Musician Neil Young has described the MacBook Pro audio quality as akin to that of a Fisher-Price toy. He has also claimed that Steve Jobs once told him that Apple wasn’t aiming for quality.

Young made the remarks in response to Apple’s celebration of emerging artists using the MacBook Pro to record their music…

His comments were made in an interview with the Verge.

It’s a piece of crap. Are you kidding? That’s Fisher-Price quality. That’s like Captain Kangaroo, your new engineer. A MacBook Pro? What are you talking about? You can’t get anything out of that thing. The only way you can get it out is if you put it in. And if you put it in, you can’t get it out because the DAC is no good in the MacBook Pro. So you have to use an external DAC and do a bunch of stuff to make up for the problems that the MacBook Pro has because they’re not aimed at quality. They’re aimed at consumerism.

That’s what Steve Jobs told me. He told me that exact thing: ‘We’re making products for consumers, not quality.’ So they don’t want audio quality. They don’t want to spend a lot of time on that. Audio quality — for your reference and for anybody else that’s listening — is deeper than visual quality.

You can look at things and think you’re seeing everything with a hi-res whatever you’re looking at in a picture. But true audio dimension is so deep, and there’s so much data there if you want to capture it all — in the echo and the softness and the loudness and the difference as things are decaying and getting smaller and smaller as they go away. That’s part of the beauty of sound, and the beauty of music based on that is that you can hear all of the detail.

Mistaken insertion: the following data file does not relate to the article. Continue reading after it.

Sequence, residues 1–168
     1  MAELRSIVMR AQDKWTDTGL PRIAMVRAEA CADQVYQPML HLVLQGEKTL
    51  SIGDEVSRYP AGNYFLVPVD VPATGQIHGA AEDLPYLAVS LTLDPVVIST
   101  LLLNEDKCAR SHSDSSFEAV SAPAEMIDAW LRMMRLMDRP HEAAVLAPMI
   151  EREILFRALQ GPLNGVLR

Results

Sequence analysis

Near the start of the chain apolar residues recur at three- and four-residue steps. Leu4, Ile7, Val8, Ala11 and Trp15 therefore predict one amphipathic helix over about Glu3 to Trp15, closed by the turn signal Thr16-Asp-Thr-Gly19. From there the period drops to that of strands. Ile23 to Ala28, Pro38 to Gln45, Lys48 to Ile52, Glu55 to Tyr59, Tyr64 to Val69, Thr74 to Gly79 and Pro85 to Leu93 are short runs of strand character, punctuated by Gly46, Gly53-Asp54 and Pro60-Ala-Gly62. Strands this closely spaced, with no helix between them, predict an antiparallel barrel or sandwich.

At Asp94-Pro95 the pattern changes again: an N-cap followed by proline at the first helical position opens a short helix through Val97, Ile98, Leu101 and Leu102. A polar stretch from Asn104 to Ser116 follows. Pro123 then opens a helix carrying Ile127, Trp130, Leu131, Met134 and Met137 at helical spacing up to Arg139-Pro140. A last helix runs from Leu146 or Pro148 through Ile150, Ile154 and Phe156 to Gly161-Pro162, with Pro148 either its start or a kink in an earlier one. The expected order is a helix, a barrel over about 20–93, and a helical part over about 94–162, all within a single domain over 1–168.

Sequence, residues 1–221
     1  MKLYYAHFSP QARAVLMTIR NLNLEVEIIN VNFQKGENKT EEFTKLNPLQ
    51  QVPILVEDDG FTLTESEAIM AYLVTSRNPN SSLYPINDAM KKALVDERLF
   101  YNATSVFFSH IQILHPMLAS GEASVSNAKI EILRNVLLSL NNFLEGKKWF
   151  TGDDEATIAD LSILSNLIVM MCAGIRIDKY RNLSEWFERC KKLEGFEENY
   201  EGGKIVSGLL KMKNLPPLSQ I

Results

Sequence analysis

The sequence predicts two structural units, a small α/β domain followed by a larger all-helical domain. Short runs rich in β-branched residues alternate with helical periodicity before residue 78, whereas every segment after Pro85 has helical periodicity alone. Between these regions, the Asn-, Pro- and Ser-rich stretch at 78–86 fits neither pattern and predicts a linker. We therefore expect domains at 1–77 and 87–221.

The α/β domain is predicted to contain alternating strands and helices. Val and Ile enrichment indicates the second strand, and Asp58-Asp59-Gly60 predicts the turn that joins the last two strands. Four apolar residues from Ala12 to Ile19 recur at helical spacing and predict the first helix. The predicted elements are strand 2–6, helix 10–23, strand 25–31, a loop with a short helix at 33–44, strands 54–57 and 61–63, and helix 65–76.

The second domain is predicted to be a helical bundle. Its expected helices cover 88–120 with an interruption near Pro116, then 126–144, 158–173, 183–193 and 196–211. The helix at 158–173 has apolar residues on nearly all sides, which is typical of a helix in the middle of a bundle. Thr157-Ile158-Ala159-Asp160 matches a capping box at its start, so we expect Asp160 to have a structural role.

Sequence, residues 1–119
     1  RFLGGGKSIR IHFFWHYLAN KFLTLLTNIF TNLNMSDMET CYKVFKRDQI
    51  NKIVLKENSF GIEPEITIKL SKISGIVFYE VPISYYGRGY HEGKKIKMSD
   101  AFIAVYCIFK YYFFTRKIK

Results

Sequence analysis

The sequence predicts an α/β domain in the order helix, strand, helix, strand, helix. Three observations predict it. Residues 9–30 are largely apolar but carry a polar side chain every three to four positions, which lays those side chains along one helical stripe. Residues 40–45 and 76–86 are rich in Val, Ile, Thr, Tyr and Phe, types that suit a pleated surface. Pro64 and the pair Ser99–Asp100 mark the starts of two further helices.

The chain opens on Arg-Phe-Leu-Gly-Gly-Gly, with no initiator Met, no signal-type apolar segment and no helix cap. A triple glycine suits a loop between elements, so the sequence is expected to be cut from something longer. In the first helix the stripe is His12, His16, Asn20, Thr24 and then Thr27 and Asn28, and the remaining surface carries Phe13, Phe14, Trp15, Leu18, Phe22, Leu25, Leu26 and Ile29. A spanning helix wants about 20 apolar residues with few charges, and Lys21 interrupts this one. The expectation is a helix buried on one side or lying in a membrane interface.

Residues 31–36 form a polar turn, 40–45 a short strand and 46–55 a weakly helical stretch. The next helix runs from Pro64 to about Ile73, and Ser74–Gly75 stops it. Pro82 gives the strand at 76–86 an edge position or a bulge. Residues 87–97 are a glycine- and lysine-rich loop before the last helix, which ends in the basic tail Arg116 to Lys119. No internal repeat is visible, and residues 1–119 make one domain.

Now, when you talk about doing that on a MacBook Pro, it makes me barf.

Young has a few axes to grind when it comes to audio quality and Apple. First, he’s one of the founders of the ill-fated Pono hi-res music player. Second, he’s promoting a book telling the story of its creation: To Feel the Music: A Songwriter’s Mission to Save High-Quality Audio (available on iBooks and Amazon).

Pono was a rather niche product launching into a market with significantly cheaper alternatives. It reportedly sold only in the tens of thousands and was subsequently discontinued. Young mostly blamed the labels for wanting to charge more for higher-res music, but also claimed Apple was partly responsible.

Last year when Omnifone, our download store partner, was bought and shut down with no notice by Apple, we began work with another company to build the same download store. But the more we worked on it, the more we realized how difficult it would be to re-create what we had and how costly it was to run it.

FTC: We use income earning auto affiliate links. More.

Flash 150W USB-C Powerbank

Check out 9to5Mac on YouTube for more Apple news:

You’re reading 9to5Mac — experts who break news about Apple and its surrounding ecosystem, day after day. Be sure to check out our homepage for all the latest news, and follow 9to5Mac on Twitter, Facebook, and LinkedIn to stay in the loop. Don’t know where to start? Check out our exclusive stories, reviews, how-tos, and subscribe to our YouTube channel

About the Author

Ben Lovejoy

Ben Lovejoy is a British technology writer and EU Editor for 9to5Mac. He’s known for his op-eds and diary pieces, exploring his experience of Apple products over time, for a more rounded review. He also writes fiction, with two technothriller novels, a couple of SF shorts and a rom-com!

Ben Lovejoy's favorite gear